For me, it's the content of the Blue Note albums rather than the sound, and yes, I prefer many of the late 50s to early 60s Blue Note albums in mono rather than stereo, particularly where the rhythm section is mixed toward the far right. Many classic jazz albums weren't recorded for stereo, but were multi-tracked. When stereo appeared to be catching on, label people thought "We have multis in the vault, so we can issue stereo albums from those." Thing is, they just couldn't create pleasing stereo mixes from those tapes because they weren't made with a stereo sound stage in mind. Verve put out a '56 recording of Have Trumpet, Will Excite by Dizzy Gillespie... awful. Contemporary issued Shelly Manne's My Fair Lady in stereo, too, again disappointing compared to the same album mixed to mono. Then, there's the poor stereo mixes of Kenton in Hi-Fi, where Don Bagley's bass is completely off-mike, and The Atomic Basie with the rhythm section on one channel and the rest of the orchestra on the other. Michael Cuscuna was absolutely correct making the decision to use the mono masters for both of these album reissues on CD. Miles Davis' great Kind of Blue album on Columbia, despite the speed gaffe on Side 1, was beautifully recorded for stereo in 1958, as was Brubeck's Time Out in 1959. Has anyone else ever noticed the bogus edit at 1:51 in "Take Five?" The 45 version (a completely different recording, made at 30 ips instead of the 15 ips used for the LP recording) contains no such edit and only runs 2:59, but I prefer it over the LP version because of the edit. It just sounds plain dumb.
    Capitol recorded some nice stereo albums in the late 50s, but they had state-of-the-art studios with 3-track machines. To this day, some of the best-sounding stereo albums ever made were recorded at Hollywood and Vine. Mercury also released some gorgeous stereo albums during the late 50s, most of them recorded at Fine Recording Studios in NYC. At Fine, they ran separate tape machines for the stereo and mono mixes, and the sound was mixed "live" during the sessions, so both the mono and stereo masters were first-generation. The point I make here is that it's too bad Blue Note had RVG do everything. If they used another engineer once in awhile, the occasional Blue Note album might have had superior sound.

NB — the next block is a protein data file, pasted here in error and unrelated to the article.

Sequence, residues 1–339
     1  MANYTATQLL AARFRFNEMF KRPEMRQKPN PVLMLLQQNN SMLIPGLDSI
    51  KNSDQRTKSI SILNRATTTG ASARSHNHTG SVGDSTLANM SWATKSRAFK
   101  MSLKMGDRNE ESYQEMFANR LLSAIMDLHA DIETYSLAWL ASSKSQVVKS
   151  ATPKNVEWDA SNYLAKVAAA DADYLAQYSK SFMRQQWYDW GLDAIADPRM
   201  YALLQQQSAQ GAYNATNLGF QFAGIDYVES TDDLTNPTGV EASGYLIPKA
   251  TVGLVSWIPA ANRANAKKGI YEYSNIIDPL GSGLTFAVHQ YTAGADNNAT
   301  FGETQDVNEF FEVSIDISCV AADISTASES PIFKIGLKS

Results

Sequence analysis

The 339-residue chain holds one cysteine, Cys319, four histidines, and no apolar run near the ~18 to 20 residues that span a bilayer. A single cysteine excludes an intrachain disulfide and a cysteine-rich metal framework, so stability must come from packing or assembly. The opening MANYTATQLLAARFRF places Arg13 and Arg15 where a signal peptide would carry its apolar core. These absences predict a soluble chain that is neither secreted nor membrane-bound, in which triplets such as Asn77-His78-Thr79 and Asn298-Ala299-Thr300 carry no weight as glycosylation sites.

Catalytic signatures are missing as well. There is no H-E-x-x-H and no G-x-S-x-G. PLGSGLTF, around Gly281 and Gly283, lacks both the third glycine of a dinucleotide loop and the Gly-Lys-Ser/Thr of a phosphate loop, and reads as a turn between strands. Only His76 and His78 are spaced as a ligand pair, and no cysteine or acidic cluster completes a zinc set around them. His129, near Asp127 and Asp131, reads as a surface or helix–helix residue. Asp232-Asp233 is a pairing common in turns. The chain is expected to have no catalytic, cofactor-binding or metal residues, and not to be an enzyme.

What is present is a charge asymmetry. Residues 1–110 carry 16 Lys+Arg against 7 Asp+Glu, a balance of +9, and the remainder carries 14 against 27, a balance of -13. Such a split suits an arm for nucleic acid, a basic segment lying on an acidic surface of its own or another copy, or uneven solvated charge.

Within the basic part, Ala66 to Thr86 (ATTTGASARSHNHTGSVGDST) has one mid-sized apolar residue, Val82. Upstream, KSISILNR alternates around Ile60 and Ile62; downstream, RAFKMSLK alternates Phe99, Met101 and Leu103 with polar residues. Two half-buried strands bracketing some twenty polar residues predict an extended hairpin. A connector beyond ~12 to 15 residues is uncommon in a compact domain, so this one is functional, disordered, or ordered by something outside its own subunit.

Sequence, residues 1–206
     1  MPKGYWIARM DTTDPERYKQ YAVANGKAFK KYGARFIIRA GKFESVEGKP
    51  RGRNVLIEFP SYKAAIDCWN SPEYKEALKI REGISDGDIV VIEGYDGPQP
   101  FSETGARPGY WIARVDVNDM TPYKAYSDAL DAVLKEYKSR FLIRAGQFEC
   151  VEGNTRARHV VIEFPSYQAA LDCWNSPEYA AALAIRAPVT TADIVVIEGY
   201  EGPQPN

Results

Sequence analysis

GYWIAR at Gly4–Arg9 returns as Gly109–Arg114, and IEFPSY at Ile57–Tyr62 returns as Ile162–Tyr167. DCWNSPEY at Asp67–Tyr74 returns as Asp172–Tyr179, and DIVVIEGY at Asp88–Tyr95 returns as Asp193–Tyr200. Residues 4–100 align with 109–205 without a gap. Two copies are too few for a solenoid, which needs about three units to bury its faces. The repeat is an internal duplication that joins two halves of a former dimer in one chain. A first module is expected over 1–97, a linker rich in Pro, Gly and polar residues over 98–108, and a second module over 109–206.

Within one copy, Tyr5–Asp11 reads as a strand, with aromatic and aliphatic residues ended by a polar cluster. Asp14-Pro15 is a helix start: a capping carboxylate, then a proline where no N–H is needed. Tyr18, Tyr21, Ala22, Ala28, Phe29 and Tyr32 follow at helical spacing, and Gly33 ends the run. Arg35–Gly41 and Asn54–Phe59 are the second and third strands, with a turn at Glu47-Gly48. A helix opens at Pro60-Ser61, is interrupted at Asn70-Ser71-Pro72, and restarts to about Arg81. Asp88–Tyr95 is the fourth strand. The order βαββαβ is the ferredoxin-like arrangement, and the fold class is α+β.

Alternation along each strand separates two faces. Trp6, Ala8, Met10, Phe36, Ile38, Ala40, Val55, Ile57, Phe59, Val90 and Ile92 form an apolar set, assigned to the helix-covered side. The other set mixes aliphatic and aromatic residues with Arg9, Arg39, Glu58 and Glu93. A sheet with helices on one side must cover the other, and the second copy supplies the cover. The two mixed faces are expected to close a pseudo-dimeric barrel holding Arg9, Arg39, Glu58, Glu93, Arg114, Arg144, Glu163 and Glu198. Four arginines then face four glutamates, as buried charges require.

Parkertown likes this.
  25. -=Rudy=-

    -=Rudy=- ♪♫♪♫♫♪♪♫♪♪ Staff

    Since we're discussing RVG's studio and engineering, I notice that he also recorded the A&M/CTi (3000-series) albums in the late 60s. I don't know what it is, but to me those all sound muddy and the high end is rather...ummm...strange. By muddy, I'm saying that there is a hump in the mid-bass which makes it overly warm. I once transfered both Jobim LPs to a CD, running it through an EQ first, cutting some of that midbass (I'm thinking a dB or two from the neighborhood of 150 to 300 Hz, which IMHO made it sound a lot better.) The strange highs are very hard to describe--it's almost like on some recordings, they're not very extended in range. Back to a Jobim album, the strings on it do not sound natural at all, although the percussion and brass parts sound OK, if a bit dull (certainly far from "bright"!).

    Not only that, on a couple of recordings, you can hear a limiter kick in (or maybe it's just overloaded tape or electronics...?), which sort of splatters the rest of the sound (like the louder drum section of "Tema Jazz" on Jobim's Tide album).

    One of my favorite A&M/CTi recordings is We And The Sea by Tamba 4. I have a feeling three of the tracks were recorded in Brazil at another label, as they sound to me like they are mono Tamba Trio recordings with an overdubbed quitar. What's interesting here is that on these three tracks ("O Morro", "Consolation", "Chant Of Ossanha"), the sound is pretty much in mono, sounds much clearer than any RVG recorded tracks, but the guitar has the same muddy A&M/CTi sound to it. (The liner notes claim it was all recorded at RVG studios.) The other four tracks? They are typical A&M/CTi, if not a bit muddier than most of the others on the label. The most recent CD reissue is better, but I own this in two CD versions, LP, and the reel (sold recently) which sounded the worst.

    Quite frankly, the sound of these has never impressed me. The better vinyl pressings (the 80's Audio Master Plus reissues) are just a little cleaner, and some of the CDs sound a little better as well. They sound nothing like other A&Ms to my ears. To me, it sounds like these were doctored to sound good on a late 60's stereo console system.

Share This Page